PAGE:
We really don’t understand time yet
By Paul Sutter | SPACE.com
We don’t understand the concept of time much at all.
Everyone experiences time — literally every day — but rigorous and comprehensive understanding of the topic is … lacking. Then again, we do know some things, especially when we look at time through the lens of special and general relativity. Einstein’s work taught us many things: that space and time are connected, that you can never travel faster than light, that our universe has a finite age and that different observers experience different lengths of time.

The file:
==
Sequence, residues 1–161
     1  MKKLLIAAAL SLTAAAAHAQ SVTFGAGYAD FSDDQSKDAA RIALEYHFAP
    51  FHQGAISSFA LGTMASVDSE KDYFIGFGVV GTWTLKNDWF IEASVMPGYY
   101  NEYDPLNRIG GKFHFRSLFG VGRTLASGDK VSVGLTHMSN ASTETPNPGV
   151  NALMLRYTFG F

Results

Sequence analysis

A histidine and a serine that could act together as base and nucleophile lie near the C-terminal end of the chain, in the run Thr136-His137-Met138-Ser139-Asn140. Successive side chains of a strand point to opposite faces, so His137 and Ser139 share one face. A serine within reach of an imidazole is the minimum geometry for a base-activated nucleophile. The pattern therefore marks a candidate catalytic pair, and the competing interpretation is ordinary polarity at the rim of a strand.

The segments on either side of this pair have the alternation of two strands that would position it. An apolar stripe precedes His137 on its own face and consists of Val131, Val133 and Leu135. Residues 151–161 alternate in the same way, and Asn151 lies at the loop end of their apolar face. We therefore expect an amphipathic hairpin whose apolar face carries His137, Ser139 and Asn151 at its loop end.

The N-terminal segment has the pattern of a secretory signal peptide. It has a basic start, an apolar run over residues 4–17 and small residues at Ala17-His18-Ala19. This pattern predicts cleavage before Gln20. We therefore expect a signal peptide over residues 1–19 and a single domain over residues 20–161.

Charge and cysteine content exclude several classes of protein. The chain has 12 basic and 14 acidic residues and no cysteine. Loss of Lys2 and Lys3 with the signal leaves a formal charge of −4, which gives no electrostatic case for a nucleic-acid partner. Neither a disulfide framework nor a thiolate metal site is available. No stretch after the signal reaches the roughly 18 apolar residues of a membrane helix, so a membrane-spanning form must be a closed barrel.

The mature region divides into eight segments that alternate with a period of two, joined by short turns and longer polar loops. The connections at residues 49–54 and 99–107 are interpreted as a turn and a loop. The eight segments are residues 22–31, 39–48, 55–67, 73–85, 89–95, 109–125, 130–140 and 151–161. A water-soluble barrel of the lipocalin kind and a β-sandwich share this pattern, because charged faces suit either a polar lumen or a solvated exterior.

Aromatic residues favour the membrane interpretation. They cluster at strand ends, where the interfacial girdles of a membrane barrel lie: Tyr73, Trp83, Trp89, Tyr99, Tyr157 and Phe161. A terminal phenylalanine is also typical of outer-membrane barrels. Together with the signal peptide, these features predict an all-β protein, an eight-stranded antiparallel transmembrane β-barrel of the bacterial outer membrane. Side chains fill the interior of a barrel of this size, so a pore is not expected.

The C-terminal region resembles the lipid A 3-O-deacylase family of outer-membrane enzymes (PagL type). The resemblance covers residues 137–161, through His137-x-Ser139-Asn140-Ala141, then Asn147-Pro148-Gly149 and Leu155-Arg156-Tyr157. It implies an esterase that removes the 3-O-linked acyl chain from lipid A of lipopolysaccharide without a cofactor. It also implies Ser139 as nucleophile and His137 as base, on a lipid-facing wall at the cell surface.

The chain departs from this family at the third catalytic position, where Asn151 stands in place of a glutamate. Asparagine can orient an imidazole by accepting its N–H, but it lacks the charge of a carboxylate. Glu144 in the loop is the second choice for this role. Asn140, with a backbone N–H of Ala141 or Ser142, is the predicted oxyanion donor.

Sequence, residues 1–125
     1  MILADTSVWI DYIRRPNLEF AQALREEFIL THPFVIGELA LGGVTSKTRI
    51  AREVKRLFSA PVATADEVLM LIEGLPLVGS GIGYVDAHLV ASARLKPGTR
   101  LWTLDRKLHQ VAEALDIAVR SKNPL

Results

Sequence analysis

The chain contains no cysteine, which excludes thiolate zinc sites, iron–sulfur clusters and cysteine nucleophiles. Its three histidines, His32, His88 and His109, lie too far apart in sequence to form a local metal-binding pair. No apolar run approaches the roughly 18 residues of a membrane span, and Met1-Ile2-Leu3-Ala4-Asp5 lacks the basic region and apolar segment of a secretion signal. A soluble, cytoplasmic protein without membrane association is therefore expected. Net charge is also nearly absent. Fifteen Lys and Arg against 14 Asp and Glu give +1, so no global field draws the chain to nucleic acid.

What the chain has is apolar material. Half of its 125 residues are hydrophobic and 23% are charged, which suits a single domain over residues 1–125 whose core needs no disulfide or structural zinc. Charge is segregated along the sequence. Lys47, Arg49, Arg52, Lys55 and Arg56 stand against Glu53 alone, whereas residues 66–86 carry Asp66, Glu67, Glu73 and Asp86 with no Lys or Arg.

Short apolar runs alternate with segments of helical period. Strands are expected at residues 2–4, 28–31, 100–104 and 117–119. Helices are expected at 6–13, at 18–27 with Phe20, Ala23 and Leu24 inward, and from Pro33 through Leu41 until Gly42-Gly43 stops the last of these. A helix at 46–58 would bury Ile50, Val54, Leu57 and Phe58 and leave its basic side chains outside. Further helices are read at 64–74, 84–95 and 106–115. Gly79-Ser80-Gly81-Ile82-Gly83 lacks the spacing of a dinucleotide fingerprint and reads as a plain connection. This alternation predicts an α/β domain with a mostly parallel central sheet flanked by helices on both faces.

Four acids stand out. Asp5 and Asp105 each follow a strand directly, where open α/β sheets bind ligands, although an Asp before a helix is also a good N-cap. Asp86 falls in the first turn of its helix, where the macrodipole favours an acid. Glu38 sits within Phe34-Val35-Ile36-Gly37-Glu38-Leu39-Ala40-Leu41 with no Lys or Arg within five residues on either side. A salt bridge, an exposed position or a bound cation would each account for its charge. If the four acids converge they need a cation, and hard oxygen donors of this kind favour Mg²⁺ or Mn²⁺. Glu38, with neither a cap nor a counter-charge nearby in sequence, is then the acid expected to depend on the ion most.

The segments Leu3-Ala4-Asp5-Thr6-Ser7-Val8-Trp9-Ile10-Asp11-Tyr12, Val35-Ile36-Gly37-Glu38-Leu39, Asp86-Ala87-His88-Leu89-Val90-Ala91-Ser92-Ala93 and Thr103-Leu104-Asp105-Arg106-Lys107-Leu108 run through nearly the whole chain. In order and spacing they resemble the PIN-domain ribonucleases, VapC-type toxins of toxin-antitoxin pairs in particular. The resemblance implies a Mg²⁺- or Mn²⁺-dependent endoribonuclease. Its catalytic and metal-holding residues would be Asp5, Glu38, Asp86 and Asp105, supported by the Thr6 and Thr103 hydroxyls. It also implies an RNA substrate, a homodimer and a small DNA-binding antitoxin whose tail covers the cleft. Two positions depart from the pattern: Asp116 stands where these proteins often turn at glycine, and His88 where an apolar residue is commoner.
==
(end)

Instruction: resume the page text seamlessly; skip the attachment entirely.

All these revelations lead to some interesting questions. It’s time (pun intended) for a roundup.
How old is the universe?
Our universe is 13.77 billion years old, according to our current best estimates, which are very good, thank you very much. But when special relativity is invoked, we also understand that everyone measures time differently, depending on their speed. We, on Earth, whizzing around the sun, with the sun spinning around the Milky Way, and the Milky Way blasting through the intergalactic vacuum, should have a different perspective on the flow of time than someone else on a different planet around a different sun in a different galaxy. That said, how can we possibly pin down a „real“ age of the universe?